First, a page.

It was quite dark now, but the fire lighted the trunks of the trees and the curving branches overhead. Lennie crawled slowly and cautiously around the fire until he was close to George. He sat back on his heels. George turned the bean cans so that another side faced the fire. He pretended to be un-aware of Lennie so close beside him.

"George," very softly. No answer. "George!"

"Whatta you want?"

"I was only foolin’, George. I don’t want no ketchup. I wouldn’t eat no ketchup if it was right here beside me."

"If it was here, you could have some."

"But I wouldn’t eat none, George. I’d leave it all for you. You could cover your beans with it and I wouldn’t touch none of it.".

George still stared morosely at the fire. "When I think of the swell time I could have without you, I go nuts. I never get no peace."

Lennie still knelt. He looked off into the darkness across the river, "George, you want I should go away and leave you alone?"

"Yeah' How’d you eat. You ain’t got sense enough to find nothing to eat."

"Well, I could. I could go off in the hills there. Some place I’d find a cave. I’d find things, George. I don’t need no nice food with ketchup. I’d lay out in the sun and nohody’d hurt me; An’ if I foun’ a mouse, I could keep it. Nobody’d take it away from me."

George looked quickly and searchingly at him. "I been mean, ain’t I?"

"If you don’ want me I can go off in the hills an’ find a cave. I can go away any time."

"No - look! I was jus’ foolin’, Lennie. ’Cause'. I want you to stay with me. Trouble with mice is you always kill ’em." He paused. "Tell you what I’ll do, Lennie. First chance I get I'll give you a pup. Maybe you wouldn’t kill it. That’d be better than. mice. And you could pet it harder."

Lennie avoided the bait. He had sensed his advantage."If you don’t want me, you only jus’ got to say so, and I’ll go off in those hills right there - right up in those hills and live by myself. An’ I won’t get no mice stole from me."

George said, "I want you to stay with me, Lennie. Jesus Christ, somebody’d shoot you for a coyote if you was by yourself. No, you stay with me. Your Aunt Clara wouldn’t like you running off by yourself, even if she is dead."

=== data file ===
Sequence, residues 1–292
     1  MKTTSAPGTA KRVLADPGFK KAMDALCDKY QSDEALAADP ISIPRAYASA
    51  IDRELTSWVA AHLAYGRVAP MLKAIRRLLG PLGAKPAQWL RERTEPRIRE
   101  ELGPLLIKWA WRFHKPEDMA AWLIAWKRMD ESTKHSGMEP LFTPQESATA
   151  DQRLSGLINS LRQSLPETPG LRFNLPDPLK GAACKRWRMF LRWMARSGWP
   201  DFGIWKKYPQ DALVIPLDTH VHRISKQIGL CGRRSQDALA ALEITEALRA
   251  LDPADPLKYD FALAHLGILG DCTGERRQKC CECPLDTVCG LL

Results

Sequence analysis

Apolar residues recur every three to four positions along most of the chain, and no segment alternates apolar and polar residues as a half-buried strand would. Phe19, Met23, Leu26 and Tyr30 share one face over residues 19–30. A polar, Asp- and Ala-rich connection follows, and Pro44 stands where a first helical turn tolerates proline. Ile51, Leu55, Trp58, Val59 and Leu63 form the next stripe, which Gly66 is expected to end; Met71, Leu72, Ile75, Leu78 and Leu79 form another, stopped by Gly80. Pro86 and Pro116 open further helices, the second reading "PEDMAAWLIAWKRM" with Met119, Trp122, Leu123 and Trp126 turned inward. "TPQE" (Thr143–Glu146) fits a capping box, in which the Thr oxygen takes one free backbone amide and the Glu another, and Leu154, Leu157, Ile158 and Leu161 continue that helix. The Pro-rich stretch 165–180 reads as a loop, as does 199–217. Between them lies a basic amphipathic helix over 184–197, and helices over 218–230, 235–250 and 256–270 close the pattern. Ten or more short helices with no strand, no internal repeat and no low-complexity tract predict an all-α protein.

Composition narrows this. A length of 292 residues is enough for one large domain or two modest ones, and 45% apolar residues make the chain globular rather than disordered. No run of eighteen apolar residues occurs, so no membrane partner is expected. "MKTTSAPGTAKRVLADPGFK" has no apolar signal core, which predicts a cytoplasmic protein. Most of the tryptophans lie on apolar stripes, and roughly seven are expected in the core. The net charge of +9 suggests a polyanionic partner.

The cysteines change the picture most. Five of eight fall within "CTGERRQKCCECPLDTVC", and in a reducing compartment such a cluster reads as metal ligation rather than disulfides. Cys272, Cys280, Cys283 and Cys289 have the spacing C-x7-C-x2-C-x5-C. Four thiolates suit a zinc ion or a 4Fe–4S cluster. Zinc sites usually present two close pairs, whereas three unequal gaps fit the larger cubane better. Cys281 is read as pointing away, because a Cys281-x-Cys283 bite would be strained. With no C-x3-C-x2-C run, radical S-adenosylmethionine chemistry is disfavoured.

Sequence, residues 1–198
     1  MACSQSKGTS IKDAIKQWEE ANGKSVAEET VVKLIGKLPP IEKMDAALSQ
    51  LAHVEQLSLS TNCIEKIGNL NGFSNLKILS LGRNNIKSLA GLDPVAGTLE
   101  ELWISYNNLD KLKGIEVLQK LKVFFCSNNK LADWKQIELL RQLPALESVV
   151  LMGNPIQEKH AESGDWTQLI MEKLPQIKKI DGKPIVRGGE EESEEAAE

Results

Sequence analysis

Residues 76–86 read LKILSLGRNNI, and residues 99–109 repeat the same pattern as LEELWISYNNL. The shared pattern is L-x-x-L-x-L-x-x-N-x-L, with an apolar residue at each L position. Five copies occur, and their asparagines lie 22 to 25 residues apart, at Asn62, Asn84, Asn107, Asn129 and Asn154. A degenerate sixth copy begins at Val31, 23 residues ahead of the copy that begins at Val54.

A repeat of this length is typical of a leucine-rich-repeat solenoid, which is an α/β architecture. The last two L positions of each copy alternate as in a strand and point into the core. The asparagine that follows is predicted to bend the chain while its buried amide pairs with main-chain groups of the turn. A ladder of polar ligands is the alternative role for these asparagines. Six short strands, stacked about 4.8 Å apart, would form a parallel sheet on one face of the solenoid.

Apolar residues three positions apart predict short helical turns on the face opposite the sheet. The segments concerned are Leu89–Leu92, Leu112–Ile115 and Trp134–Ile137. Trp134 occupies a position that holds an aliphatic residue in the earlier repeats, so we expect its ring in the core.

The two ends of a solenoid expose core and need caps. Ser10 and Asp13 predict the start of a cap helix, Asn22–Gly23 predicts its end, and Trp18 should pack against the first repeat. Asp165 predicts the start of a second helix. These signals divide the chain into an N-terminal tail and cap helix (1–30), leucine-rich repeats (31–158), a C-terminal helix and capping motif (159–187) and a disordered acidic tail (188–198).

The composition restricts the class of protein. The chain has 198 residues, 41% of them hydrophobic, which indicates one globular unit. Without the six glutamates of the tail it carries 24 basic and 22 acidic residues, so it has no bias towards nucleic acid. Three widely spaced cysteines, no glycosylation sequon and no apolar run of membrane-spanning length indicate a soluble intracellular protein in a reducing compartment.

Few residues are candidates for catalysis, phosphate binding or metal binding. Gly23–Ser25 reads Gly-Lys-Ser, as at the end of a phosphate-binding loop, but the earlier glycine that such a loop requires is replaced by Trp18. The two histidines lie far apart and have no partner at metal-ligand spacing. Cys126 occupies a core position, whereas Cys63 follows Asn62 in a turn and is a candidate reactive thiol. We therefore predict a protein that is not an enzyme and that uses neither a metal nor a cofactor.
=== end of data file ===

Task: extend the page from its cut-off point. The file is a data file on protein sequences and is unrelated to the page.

Lennie spoke craftily, "Tell me - like you done before."

"Tell you what?"

"About the rabbits."

George snapped, "You ain’t gonna put nothing over on me."

Lennie pleads "Come on, George. Tell me. Please, George. Like you done before."

"You get a kick outta that, don’t you? Awright, I’ll tell you, and then we’ll eat our supper...."

George’s voice became deeper. He repeated his words rhythmically as though he had said them many times before. "Guys like us, that work on ranches, are the loneliest guys in the world. They got no family. They don’t belong no place. They come to a ranch an’ work up a stake and then they go inta town and blow their stake, and the first thing you know they’re poundin’ their tail on some other ranch. They ain’t got nothing to look ahead to."

Lennie was delighted. "That’s it - that’s it. Now tell how it is with us."

George went on. "With us it ain’t like that. We got a future. We got somebody to talk to that gives a damn about us. We don’t have to sit in no bar room blowin’ our jack jus’ because we got no place else to go. If them other guys gets in jail they can rot for all anybody gives a damn. But not us."

Lennie broke in."But not us! An’ why? Because .... because I got you to look after me, and you got me to look after you, and that’s why." He laughed delightedly. "Go on now, George!" "You got it by heart. You can do it yourself. No, you. I forget some a’ the things. Tell about how it’s gonna be."

"O.K. Someday - we’re gonna get the jack together and we’re gonna have a little house and a couple of acres an’ a cow and some pigs and -"

"An’ live off the fatta the lan’"Lennie shouted. "An’ haverabbits. Go on, George! Tell about what we’re gonna have in the garden and about the rabbits in the cages and about the rain in the winter and the stove, and how thick the cream is an the milk like you can hardly cut it. Tell about that, George."

"Why’n’t you do it yourself? You know all of it."

"No.... you tell it. It ain’t the same if I tell it. Go on.... George. How I get to tend the rabbits."

"Well," said George, "we’ll have a big vegetable patch and a rabbit hutch and chickens. And when it rains in the winter, we’ll just say the hell with goin’ to work, and we’ll build up a fire in the stove and set around it an’ listen to the rain comin’ down on the roof - Nuts!" He took out his pocket knife. "I ain’t got time for no more."He drove his knife through the top of one of the bean cans, sawed out the top and passed the can to Lennie. Then he opened a second can. From his side pocket he brought out two spoons and passed one of them to Lennie.

They sat by the fire and filled their mouths with beans and chewed mightily.